If after consuming certain foods that contain gluten, dairy, eggs, peanuts, corn or soy you feel a bit off, that should be your first sign. But what are those symptoms that tells us that something is wrong? And is it an intolerance or a true allergy?
There is a difference between a food intolerance and a true food allergy; the latter could send you to the hospital with a severe immune response while the former could just manifest itself as a stomach ache and over time other digestive issues.
Food allergy symptoms include vomiting, coughing, wheezing, shortness of breath, trouble swallowing and dizziness to name a few. Those signs appear within minutes to 2 hours at most of eating something harmful.
Bloating, gas, abdominal pain, nausea, skin reactions like rashes and eczema, flushing, hives, embarrassing symptoms like flatulence and diarrhea, muscle or joint pain, headaches or exhaustion all signal an intolerance and that something has not been agreeable to your intestinal tract and you must start doing something about it.
One of the main reasons we have these reactions to certain foods may be a leaky gut. Over time, it may go unnoticed that slowly you start to build an intolerance to foods that perhaps you did well with before. Due to stress, a diet high in processed foods or prescription medications, your gut lining develops tiny holes that open and allow foreign substances like gluten or casein to get through, starting a cascade of symptoms that you have no idea when they originated.
Your cells then mount an attack on those invaders and soon, if you continue consuming the trigger food, your cells can no longer recognize who’s bad and who’s good and they start attacking nearby organs, completely confused and on the offensive all the time. Your body is under attack, trying to protect you and is highly stressed. You start to experience all or some of the symptoms I listed, and truthfully, you cannot pinpoint when it all began. If left untreated, these symptoms can lead into an autoimmune problem.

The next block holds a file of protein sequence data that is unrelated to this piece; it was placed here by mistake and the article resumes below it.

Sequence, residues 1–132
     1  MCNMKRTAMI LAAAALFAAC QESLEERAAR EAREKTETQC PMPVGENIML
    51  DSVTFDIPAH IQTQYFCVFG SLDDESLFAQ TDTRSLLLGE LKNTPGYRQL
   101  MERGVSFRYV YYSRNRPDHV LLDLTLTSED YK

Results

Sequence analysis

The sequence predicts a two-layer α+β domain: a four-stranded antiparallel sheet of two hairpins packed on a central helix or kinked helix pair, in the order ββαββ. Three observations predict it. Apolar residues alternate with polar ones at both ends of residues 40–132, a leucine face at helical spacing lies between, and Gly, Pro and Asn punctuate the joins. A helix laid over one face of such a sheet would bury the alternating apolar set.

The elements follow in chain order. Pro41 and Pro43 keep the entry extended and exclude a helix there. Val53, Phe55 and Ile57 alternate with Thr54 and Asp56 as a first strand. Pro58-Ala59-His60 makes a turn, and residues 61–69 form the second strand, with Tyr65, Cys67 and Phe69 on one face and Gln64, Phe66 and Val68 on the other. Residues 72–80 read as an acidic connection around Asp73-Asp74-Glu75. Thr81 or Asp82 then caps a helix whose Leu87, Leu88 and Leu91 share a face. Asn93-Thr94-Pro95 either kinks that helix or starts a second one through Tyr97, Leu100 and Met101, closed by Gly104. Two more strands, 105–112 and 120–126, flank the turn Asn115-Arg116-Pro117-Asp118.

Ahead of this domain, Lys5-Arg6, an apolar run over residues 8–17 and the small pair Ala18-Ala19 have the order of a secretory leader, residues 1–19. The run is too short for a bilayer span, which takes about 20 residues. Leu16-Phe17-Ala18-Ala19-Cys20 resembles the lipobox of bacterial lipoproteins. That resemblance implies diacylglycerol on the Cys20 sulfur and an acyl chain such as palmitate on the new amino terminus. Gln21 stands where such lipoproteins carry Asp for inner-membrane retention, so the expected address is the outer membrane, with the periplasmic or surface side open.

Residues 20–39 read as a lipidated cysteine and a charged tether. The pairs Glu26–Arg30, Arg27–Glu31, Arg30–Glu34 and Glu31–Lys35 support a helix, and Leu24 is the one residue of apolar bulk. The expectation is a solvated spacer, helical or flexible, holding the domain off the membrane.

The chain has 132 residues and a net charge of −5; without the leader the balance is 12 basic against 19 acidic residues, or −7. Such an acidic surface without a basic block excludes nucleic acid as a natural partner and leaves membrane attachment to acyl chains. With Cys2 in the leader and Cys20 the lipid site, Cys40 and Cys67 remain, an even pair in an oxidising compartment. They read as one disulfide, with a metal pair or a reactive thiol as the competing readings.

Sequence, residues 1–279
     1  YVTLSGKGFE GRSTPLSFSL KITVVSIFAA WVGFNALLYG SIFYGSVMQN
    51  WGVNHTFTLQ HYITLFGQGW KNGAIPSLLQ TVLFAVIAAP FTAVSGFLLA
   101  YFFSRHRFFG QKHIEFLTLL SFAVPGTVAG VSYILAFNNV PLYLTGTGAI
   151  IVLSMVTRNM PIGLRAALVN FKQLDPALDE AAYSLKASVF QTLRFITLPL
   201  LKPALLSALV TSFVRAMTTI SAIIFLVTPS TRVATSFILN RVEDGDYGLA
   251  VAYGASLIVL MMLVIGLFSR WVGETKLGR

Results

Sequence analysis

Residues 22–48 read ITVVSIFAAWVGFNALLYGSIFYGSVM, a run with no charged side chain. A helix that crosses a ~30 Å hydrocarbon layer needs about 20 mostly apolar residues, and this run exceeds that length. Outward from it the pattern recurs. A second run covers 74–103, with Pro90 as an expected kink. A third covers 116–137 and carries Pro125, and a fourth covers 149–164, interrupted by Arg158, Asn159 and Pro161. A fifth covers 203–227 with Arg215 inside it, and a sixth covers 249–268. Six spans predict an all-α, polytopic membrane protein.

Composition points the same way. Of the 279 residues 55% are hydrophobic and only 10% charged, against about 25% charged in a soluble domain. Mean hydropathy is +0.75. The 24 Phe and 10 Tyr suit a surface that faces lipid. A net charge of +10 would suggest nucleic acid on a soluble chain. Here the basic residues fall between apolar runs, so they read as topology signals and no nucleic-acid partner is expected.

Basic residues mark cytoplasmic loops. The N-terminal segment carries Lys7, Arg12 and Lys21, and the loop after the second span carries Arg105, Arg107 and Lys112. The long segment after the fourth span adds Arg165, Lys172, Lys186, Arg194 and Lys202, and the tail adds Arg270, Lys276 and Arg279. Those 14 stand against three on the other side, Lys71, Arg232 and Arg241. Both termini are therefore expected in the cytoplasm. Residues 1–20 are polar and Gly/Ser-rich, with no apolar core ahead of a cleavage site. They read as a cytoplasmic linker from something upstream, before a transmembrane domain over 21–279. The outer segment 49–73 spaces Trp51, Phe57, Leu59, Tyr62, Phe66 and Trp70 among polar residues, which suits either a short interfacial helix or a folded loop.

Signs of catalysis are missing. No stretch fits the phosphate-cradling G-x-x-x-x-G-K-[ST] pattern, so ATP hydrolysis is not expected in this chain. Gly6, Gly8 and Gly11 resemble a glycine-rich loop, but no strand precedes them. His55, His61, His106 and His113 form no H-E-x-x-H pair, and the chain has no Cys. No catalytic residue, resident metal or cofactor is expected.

There is a ton of research that points to an imbalanced microbiome at the root cause of food intolerances and allergies. When we feed our bodies too much sugar, the bad bacteria thrive and multiply. This creates imbalances in the microbiome with more bad bacteria than good and makes us more susceptible to food intolerances due to the overgrowth of yeast or fungus, byproducts of the bad bacteria. Common sense would have it that if we starve the body of sugar, then we would begin to crowd out the bad bacteria and we can start working on repopulating our microbiome with the good bacteria.
To do this, here is a list of foods to start incorporating into your diet that are highly unlikely to cause an inflammation or an allergic reaction. Of course, everyone is different, so see what works for you;
Leafy Greens: provide important minerals and B vitamins to improve immune function.
Probiotic rich foods; support immune health and can help repair damaged intestinal lining. Fermented vegetables are the best for example sauerkraut, carrots, kimchi, ginger
Bone broth; made from beef and chicken stock support the healing of leaky gut, full of necessary amino acids and minerals needed for gut repair.
Chicken: Most people tend to do well with chicken products for a good source of non-allergenic protein.
Vary your diet: Variation in the diet will prevent the development of food allergies; also, consider eating seasonally; buy locally and organic
How do you know if you have a true allergy or tolerance to a food?
A specialist such as an allergist would be your first stop. An allergist will run blood tests, oral food challenges and start you on an elimination diet to find out what the triggers may be. A nutrition coach such as myself, would encourage you to start on an elimination diet to empower you to become your own health detective. In this way, you would start to become aware of the things that might be hurting you like the sandwich bread at lunch time, or the milkshake you love but your intestines not so much.
My Kick Sugar for Good 5-Day Challenge is a good place to begin, as it leaves out of the likely offenders like gluten, sugar and dairy. Give it a try, you won't be disappointed!
If you decide to (or have already) removed gluten, dairy and sugar from your diet, hit reply to this email or let me know your experience in the comments below!
Recipe (Dairy-free): Chocolate Ice "Cream"
3 bananas, sliced and frozen
2 tsp. cacao powder, unsweetened
1 tbsp almond butter
Place frozen bananas in food processor and blend until smooth (a few minutes). You may have to stop a few times to scrape the sides. Add cacao powder and almond butter and blend until mixed well.
Serve & enjoy!
Tip: You can make this in advance and freeze in an airtight container.
'Til next time!